In our previous News & Updates we did show the influence of ‘behavioral design’,‘reciprocity’as well as ‘scarcity’on conversion and impact of your marcom campaign in general and more specific your event or exhibition campaigns.
This time you might learn more about the influence of ‘authority’, ‘consistancy’and ‘liking’on conversion and impact.
Another powerful principle of persuasion is authority: following the lead of credible and knowledgeable experts. Let someone else tell your story. Research shows that 14% of people trust an (advertisement) message coming from you as a business, whereas 70% would trust that same message if it were told by other consumers, like them. The message is much more authentic. So, for your booth at the trade fair, how about a vimeo giving the stage to one or more of your happy customers? Authority also has to do with expertise. Make sure it’s not your salesperson pitching to your potential customer, but your expert with 20 years of relevant experience in the field. If this means connecting with that expert real-time during the trade fair, for example via Facetime, why not?
People like to be consistent with the things they have previously said or done. Consistency is activated by looking for, and asking for, small initial commitments that can be made. Think about what your potential customer might need. Imagine, for example, that is clean hands. After having shaken a lot of hands at the fair and having sampled finger food at various stalls, they feel sticky. Offer them a pre-wrapped instant hand sanitizer. No water involved. Then, once they’ve accepted that, tell them more about the products you are selling and invite them in for a demonstration. If they accept your first gesture (a free gift), chances are they will also accept your invitation (consistency) and may even accept to spread the word about your water-free hand sanitizer (reciprocity.)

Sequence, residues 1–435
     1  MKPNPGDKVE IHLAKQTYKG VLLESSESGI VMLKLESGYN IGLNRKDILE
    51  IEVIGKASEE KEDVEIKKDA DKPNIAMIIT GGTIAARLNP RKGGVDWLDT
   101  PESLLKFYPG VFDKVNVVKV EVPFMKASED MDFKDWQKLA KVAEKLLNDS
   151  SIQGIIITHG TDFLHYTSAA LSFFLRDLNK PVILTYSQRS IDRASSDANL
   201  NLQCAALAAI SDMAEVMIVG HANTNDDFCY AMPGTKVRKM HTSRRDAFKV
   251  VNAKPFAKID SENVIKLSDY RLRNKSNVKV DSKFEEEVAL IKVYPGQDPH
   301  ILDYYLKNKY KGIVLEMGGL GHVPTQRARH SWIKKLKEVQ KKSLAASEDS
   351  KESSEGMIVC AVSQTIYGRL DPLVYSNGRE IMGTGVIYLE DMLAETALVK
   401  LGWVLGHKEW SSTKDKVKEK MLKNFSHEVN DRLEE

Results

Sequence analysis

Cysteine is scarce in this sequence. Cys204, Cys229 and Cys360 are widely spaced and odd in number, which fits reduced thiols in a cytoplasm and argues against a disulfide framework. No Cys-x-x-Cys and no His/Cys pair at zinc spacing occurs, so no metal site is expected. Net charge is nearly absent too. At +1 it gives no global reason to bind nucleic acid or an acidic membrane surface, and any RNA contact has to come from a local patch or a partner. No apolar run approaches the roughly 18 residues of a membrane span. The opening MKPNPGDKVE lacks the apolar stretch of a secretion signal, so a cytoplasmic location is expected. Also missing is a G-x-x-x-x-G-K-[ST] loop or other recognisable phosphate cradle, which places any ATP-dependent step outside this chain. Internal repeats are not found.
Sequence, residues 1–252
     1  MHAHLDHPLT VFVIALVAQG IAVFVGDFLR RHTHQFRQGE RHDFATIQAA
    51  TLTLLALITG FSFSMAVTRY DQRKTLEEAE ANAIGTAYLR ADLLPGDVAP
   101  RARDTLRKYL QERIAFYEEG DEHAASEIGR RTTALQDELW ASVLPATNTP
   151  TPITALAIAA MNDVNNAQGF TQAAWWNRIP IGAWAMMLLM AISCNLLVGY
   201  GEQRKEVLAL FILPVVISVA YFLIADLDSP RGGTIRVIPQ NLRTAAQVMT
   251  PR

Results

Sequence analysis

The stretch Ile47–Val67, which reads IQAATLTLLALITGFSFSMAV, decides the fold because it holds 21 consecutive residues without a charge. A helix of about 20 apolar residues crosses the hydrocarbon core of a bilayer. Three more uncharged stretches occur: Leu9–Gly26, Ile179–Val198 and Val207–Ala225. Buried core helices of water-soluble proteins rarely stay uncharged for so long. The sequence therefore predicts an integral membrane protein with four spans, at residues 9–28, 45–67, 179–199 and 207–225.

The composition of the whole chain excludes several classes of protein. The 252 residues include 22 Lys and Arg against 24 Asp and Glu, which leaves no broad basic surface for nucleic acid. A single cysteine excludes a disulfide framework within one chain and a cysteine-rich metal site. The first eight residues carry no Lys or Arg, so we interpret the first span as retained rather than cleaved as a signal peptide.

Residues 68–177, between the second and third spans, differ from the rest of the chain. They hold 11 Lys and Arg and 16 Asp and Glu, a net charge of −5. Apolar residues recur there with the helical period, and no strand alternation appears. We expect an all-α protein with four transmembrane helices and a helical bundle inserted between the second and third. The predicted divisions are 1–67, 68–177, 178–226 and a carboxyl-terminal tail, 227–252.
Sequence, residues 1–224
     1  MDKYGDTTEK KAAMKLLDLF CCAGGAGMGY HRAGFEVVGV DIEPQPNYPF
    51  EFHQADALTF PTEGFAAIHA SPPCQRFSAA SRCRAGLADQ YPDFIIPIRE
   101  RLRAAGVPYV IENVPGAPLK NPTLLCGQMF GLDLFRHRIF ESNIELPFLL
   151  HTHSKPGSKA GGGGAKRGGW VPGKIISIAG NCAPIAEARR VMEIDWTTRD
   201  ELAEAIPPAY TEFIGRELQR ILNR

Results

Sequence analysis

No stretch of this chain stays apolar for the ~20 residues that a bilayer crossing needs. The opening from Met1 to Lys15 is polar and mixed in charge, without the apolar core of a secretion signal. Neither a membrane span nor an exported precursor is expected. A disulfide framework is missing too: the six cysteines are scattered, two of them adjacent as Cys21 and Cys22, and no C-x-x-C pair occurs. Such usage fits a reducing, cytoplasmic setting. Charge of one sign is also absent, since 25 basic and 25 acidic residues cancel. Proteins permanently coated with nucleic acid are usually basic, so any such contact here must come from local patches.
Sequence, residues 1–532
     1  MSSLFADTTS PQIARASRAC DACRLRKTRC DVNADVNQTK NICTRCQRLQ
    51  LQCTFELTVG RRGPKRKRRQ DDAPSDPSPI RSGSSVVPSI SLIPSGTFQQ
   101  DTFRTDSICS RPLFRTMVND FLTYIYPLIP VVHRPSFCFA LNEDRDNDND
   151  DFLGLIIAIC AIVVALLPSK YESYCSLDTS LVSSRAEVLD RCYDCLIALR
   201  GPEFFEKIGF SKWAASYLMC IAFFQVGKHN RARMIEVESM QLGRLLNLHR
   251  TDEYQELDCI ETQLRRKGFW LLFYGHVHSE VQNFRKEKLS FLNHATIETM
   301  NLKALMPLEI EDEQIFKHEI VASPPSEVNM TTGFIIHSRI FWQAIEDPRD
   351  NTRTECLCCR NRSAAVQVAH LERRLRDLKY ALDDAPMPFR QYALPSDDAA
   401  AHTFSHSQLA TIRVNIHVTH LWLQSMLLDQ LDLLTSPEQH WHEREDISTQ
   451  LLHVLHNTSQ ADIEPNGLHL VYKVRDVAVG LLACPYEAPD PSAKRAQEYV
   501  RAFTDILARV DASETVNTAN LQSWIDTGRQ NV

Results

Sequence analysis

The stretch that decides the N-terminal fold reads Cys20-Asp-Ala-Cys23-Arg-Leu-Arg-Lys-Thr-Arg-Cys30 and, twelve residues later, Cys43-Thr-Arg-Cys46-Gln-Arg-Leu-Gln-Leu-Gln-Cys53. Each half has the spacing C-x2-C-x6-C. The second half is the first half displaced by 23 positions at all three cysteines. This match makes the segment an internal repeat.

People prefer to say yes to those that they like. But what causes one person to like another? Persuasion scientist Cialdini tells us that there are three important factors. We like people who are similar to us, who pay us compliments, and who cooperate with us towards mutual goals. To harness this powerful principle of liking, look for areas of similarity that you share with others and genuine compliments you can give before you get down to business. At the trade fair, engage with your potential customer by asking them what challenges they are facing and what would make them go home feeling bouncy/ happy/ elated. What would they have seen, heard or experienced? What solution would they have found to their challenge? Be playful, helpful, if you don’t have the solution yourself, make a suggestion where they might find it. Striking up a conversation and playing into whatever your customer has on his/her mind will get them to like you… and want to know more about your product or service.
In our next News & Updates more about how to increase conversion & impact.
If you also would like to read the previous News & Updates about conversion & impact, click on the link:……
Want to read the complete article, click on the link:Conversion and Impact: it’s all about emotions
Richard Thaler and Cass Sunstein,‘Nudge: Improving Decisions about Health, Wealth and Happiness’, New Haven: Yale University Press, 2008
David Halpern on Nudge Theory, ‘How Small Changes can Make a Big Difference,’RSA Spotlights, https://www.thersa.org/discover/videos/event-videos/2015/11/david-halpern-on-nudge-theory
Dr. R. B. Cialdini, Influence, Harper Collins Publishers, 2007
Martin van Kranenburg en Laurens Boex, De psychologie van het overtuigen in een online omgeving, Blog posts on Marketing Facts, 2013
Victor Lamme, De vrije wil bestaat niet, Uitgeverij Bert Bakker, 2010
Paul Postma, Anatomie van de Verleiding, Boom Uitgevers Amsterdam, 2017
Job Boersma & Sarah Gagestein, Harder Praten helpt niet, Haystack Uitgeverij, 2015
Daniel Kahneman, Thinking Fast and Slow, Penguin Books Ltd, 2012
Dick Swaab, Wij zijn ons brein, Olympus, 2015
David Servan-Schreiber, Guérir, Pocket, 2005